Parker v. Morrill, 98 N.C. 232 (1887)

Sept. 1887 · Supreme Court of North Carolina
98 N.C. 232

E. S. PARKER and wife JACKY ANN PARKER v. L. V. MORRILL, Adm’r b. b. n. of L. P. BEARDSLEY.

Evidence — Correction of Contract.

1. If a written contract contains all the essential elements, and its terms are sufficiently conrprehensive to embrace the subject matter, parol evidence will not be admitted to contradict, extend or modify it.

3. If, by mutual mistake, accident, or fraud of a party, the contract does not express truly the agreement of the parties, the Courts will give relief.

(Laiorenee v. Hester, 93 N. C., 79; Ray v. Blackwell, 94 N, C., 10, and Niekelson v. Reves, Ibid., 559, cited and approved).

This is a civil action and was tried before Merrimon, Judge, at Spring Term,' 1887, of Pitt Superior Court.

The action was instituted against E. C. Yellowly, the executor of L. B. Beardsley, the father and guardian of the feme plaintiff, for a balance alleged to be due upon settlement and for an account.

*233The plaintiff alleged that the guardian had, or.ought to have had, in his hands about $2,500 belonging to his ward, but that he represented that he had only about $1,500; that upon the guardian’s agreement to invest the funds admitted by him, in certain lands for the feme plaintiff, and that he would by his last will settle certain other property upon her, they agreed to release and discharge him; that he had not invested the entire fund as he agreed, and had died not having made the provision in his will as stipulated.

The answer controverted these allegations, and set up a settlement and release — the portions of which, material in the decision of the point presented, were as follows:

Whereas, in an accounting had between plaintiffs and Beardsley, guardian, it appears that there is now in the hands of Beardsley $1,494.15, which amount covers the entire indebtedness of Beardsley, as guardian, including interest to 1st of January, 1878; and whereas, said Parker and wife desire to settle such guardianship, to discharge Beardsley and the sureties upon his guardian bond, and to have the said amount, subject to certain deductions to be hereinafter mentioned, invested by said Beardsley in Pitt county lands, with title in Beardsley as trustee, upon the trusts hereinafter declared: * . * . * *

STecond, That the balance of said fund after paying said debt and expenses, (about $100), the said Beardsley shall invest in lands in Pitt county, taking title in the name of himself and his heirs, in trust to hold the same to the separate use of the said J. A. Parker, (the feme plaintiff) during her life, and immediately after her death, in trust convey to such person as she may appoint by last will and testament, duly executed according to law, and in default of any such appointment by last will and testament, in trust to convey to the heirs-at-law of said J. A. Parker.

There was no reference in the contract to the alleged provision to be made by the will.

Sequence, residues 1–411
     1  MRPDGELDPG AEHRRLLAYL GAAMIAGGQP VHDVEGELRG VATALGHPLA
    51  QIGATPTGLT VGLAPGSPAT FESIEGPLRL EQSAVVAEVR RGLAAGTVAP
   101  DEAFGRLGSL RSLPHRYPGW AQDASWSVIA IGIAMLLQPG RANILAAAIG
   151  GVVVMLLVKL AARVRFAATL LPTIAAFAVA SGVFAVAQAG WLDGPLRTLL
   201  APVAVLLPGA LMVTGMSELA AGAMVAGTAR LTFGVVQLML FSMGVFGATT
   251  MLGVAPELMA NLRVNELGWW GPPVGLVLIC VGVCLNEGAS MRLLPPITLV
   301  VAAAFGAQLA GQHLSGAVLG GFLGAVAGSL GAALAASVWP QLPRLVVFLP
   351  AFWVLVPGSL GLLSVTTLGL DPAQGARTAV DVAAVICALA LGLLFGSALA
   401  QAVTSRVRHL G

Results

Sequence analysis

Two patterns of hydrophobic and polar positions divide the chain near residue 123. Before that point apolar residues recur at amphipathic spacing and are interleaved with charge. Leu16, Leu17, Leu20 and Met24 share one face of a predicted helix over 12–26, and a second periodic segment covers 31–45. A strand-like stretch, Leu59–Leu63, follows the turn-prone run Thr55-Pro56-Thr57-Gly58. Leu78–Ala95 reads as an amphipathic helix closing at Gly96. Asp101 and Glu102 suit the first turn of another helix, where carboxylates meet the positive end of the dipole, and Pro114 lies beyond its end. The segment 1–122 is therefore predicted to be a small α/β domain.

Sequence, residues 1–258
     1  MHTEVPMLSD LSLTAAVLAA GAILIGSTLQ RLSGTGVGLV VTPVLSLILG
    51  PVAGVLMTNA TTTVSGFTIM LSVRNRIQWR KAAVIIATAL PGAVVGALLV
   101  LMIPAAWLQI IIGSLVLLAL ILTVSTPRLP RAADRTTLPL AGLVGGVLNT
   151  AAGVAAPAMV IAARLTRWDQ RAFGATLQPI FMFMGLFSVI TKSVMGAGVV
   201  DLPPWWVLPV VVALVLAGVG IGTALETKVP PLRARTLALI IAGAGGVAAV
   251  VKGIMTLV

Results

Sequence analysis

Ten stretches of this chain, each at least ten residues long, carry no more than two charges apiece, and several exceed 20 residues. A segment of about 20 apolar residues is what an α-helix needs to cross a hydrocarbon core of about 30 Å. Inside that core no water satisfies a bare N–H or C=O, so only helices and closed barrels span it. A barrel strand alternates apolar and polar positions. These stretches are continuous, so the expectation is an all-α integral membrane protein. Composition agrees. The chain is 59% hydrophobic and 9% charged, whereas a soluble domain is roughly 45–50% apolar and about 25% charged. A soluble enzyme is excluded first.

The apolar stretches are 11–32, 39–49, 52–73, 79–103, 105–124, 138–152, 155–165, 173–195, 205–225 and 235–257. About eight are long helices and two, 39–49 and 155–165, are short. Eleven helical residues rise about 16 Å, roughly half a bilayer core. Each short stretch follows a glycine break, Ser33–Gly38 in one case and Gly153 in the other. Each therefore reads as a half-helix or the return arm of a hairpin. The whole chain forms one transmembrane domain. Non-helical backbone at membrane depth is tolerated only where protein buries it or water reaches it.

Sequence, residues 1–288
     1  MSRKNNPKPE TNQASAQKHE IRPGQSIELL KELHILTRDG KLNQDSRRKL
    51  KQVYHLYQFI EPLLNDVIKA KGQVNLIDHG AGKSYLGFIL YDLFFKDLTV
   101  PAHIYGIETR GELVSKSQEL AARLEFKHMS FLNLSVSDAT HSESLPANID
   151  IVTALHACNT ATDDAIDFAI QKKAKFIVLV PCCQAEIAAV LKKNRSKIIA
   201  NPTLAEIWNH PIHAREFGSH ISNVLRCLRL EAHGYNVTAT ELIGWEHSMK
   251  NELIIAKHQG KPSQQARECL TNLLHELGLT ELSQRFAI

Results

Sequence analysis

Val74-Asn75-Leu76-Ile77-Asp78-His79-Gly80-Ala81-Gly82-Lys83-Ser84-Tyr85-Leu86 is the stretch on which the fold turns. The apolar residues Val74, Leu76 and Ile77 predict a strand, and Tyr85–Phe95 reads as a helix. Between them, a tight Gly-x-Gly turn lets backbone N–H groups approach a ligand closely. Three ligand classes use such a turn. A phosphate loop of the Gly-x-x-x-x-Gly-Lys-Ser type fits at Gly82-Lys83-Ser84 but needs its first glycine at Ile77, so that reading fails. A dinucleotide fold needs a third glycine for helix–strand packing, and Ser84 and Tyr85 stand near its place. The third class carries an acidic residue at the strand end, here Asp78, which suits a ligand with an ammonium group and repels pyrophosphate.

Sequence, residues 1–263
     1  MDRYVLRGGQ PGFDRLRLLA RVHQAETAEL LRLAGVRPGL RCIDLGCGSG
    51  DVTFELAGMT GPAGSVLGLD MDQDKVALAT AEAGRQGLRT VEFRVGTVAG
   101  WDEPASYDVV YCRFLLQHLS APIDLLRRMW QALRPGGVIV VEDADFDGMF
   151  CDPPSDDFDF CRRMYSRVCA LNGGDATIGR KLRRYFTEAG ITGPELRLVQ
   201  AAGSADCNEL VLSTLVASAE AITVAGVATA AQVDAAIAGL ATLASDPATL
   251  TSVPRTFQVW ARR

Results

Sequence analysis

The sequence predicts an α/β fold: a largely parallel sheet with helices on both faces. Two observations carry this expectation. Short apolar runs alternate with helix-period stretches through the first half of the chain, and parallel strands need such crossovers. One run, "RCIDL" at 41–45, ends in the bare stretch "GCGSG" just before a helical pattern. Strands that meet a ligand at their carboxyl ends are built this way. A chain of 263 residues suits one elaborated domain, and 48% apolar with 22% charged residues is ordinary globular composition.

*234Plaintiffs then offered to show, that as an inducement to them to enter into said agreement, the testator of defendant agreed with the plaintiffs, that he would by his last will and testament give and devise to the said feme plaintiff, all of his interest, as it then existed, in certain mortgages known as the Anderson mortgages, and that only upon this promise and agreement did plaintiffs agree to ‘sign the written agreement which had been prepared by counsel at the instance of Beardsley, the defendant’s testator; and that plaintiffs would not have signed the same hut for such a promise; and to follow up this proof, by showing the value of the property agreed to be settled upon feme plaintiff by will; and proof that Beardsley by his last will left the feme plaintiff only a set of furniture worth about $25.

The defendant objected to this evidence on the ground that it tended to contradict the written agreement. The Court sustained the objection and the plaintiffs excepted, and appealed from the judgment rendered.

Mr. A. W. Haywood, for the plaintiff.

No counsel for the defendant.

MeubimoN, J.

The agreement in writing under seal, executed by the plaintiffs and the testator of the defendant, put in evidence on the trial by the plaintiffs, plainly upon its face, by its terms, scope, and meaning, purports to set forth fully the grounds and considerations that prompted its execution. It is broad and comprehensive as to the matters embraced by it, and there is nothing in its terms or purpose that implies omission in any respect, and particularly the consideration is mentioned in like comprehensive terms.

When the parties to a contract in writing thus refer in it to matters constituent of it, it must be taken that the whole of the material parts of such matters are mentioned, nothing to the contrary appearing; and parol evidence will not *235be received to contradict, add to, take from, or modify what the parties have thus put in writing. The reason for this is, that the parties having seriously put their contract in writing, have agreed to make the writing evidence of the same, and they are presumed to have set down how and to what extent they are willing to be bound and concluded as to the material matters and things mentioned therein, unless they provide otherwise in terms or by reasonable implication.

If by mutual mistake of the parties, accident, or the fraud of a party, the contract omitted something, or a part pertinent, or embraced something that ought to have been ex-excluded, then a Court of Equity might give relief. Lawrence v. Hester, 93 N. C., 79; Ray v. Blackwell, 94 N. C., 10; Nicholson v. Reves, Ibid.., 559.

The Court therefore properly excluded the parol evidence, the obvious purpose of which was to prove a consideration of the agreement omitted from and not mentioned or referred to in it. There is no error, and the judgment must be affirmed.

No error. Affirmed.